Cruz's boomstick could certainly help carry them there. The sellout crowd at Rangers Ballpark in Arlington yelled "Cruuuuuz" as he received the MVP trophy for a playoff series that was record-setting.

Rapid Reaction: Rangers 15, Tigers 5

October, 15, 2011

ARLINGTON, Texas -- The Rangers are headed to their second consecutive World Series after blistering the Tigers for a 15-5 win Saturday. The offense, which hadn't had a breakout game from top to bottom, did so in Game 6 with a nine-run third inning and a few more runs later on. Everyone contributed to the victory, fitting because that's how the Rangers have done it all season. Some quick thoughts as we collect more from a jubilant clubhouse (ESPN Stats & Information also chimes in with some fun facts):

* A big third inning decided Game 6. Here's a quick look at how the Rangers scored nine runs in the inning (more about that inning later):

-- The nine runs are the most in a postseason inning since the Angels scored 10 runs in the seventh inning of Game 5 of the 2002 ALCS. It was the most runs the Rangers have scored in a postseason inning, breaking the record of six scored in the ninth of Game 3 of the 2010 ALCS.

-- Four Tigers pitchers needed 50 pitches and nearly 40 minutes to get through it.

-- Surprisingly, the inning started with Ian Kinsler's ground out to third base, where Brandon Inge made a nice diving play to get the first out.

-- Things fell apart for the Tigers from there as the Rangers' lineup depth went to work. Elvis Andrus drew a four-pitch walk and Josh Hamilton's looping single put two on with one out for Michael Young.

-- Young delivered with a double just inside the left field line, scoring two runs. Before that at-bat, Young had two RBIs the entire series (and three in the postseason). That tied the score.

-- Adrian Beltre gave the Rangers the lead with a single up the middle, scoring Young. It was his sixth RBI of the playoffs.

-- Mike Napoli did his usual, working the count to 3-2. He then walked ahead of Nelson Cruz.

-- Cruz appeared to swing at a third strike high fastball, but first base umpire Tim Welke said Cruz did not go around. He then walked on a 3-2 pitch to load the bases for David Murphy.

-- Murphy, batting eighth as the DH, hit a two-run single to center. Detroit outfielders had some issues getting to balls right away in the inning and that included left fielder Delmon Young. He bobbled the ball and Rangers third base coach Dave Anderson alertly sent Napoli home as well.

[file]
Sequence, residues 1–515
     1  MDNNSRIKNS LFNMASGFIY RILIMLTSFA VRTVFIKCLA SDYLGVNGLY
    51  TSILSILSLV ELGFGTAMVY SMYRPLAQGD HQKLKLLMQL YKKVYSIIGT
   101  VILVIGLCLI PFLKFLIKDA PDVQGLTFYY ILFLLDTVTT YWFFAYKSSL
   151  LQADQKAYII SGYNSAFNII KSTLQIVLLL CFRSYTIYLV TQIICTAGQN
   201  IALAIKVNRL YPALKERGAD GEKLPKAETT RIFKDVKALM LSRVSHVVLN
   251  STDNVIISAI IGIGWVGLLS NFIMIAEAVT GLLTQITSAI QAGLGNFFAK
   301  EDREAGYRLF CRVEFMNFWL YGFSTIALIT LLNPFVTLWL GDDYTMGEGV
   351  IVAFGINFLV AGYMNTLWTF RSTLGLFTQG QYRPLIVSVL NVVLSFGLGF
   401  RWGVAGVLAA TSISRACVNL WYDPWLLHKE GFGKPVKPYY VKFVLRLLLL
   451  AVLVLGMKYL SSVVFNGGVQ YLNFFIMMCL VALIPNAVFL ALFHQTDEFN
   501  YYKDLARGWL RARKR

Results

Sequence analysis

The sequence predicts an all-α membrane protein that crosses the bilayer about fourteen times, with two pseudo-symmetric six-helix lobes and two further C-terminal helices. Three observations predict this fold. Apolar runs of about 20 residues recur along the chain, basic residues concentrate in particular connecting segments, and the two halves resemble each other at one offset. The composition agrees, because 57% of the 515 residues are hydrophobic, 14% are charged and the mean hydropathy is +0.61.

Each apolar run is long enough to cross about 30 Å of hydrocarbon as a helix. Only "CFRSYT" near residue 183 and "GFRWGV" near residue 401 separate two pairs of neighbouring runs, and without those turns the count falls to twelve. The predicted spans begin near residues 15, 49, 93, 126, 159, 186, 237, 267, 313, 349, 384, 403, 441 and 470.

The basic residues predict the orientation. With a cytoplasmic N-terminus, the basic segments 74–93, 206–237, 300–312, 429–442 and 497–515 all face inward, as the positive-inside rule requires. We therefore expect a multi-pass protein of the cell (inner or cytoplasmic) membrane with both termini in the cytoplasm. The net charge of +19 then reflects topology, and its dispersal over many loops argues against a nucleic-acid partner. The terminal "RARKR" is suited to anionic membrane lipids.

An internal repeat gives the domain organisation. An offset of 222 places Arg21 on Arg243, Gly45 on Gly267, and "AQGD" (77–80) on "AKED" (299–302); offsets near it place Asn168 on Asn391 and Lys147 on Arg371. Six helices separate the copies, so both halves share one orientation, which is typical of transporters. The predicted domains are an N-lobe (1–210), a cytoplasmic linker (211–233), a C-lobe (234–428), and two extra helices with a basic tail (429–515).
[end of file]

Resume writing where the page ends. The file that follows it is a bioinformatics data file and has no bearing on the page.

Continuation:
-- Kinsler got into the act with a two-run single after that as the Rangers batted around.

-- Michael Young came up again and this time doubled just inside the right field line to drive in two more. He became the first player with multiple extra-base hits in the same inning in LCS history. It's been done three times in the World Series. Young hit .377 with runners in scoring position this season.

* Derek Holland gave up a two-run homer to Austin Jackson in the fourth and that was the end of his night. No Rangers starter in this series managed to get a quality start. Holland gave up four runs in 4 2/3 innings but left ahead 9-4. Holland led the big leagues with 7.64 run support average this season. And the Rangers beat that with the big third inning.

* Kinsler had three RBIs and was 2-for-5 in the game.

* Miguel Cabrera continued his sensational ALCS. On a 1-2 count, Cabrera drove a fastball the other way, just over Cruz's glove and over the fence for a solo homer in the first. He hit another one off Mike Adams in the eighth. He had three homers in this series and four in the playoffs. He had seven RBIs in the ALCS. He came into the game hitting .375 in the ALCS. ESPN Stats & Information: Cabrera extended his LCS hitting streak to 13 games. Only Pete Rose and Manny Ramirez, both with 15, have longer streaks.

* Andrus had the club's second stolen base of the ALCS when he took second with two outs in the first. Young popped up to first base in foul territory to end the inning.

* Endy Chavez, in the lineup at No. 9, came up with two on and two out in the second. He wasn't able to get the Rangers on the board as he grounded to second.

* Cruz hit a double in the second and then homered in the seventh. It was his seventh and eighth hits of the ALCS and all were extra-base hits: six homers, two doubles. Cruz, the MVP of the series, drove in 13 runs in the six game. The six homers and 13 RBIs were the most by any player in a postseason series. More on Cruz's ridiculous series coming up on the blog.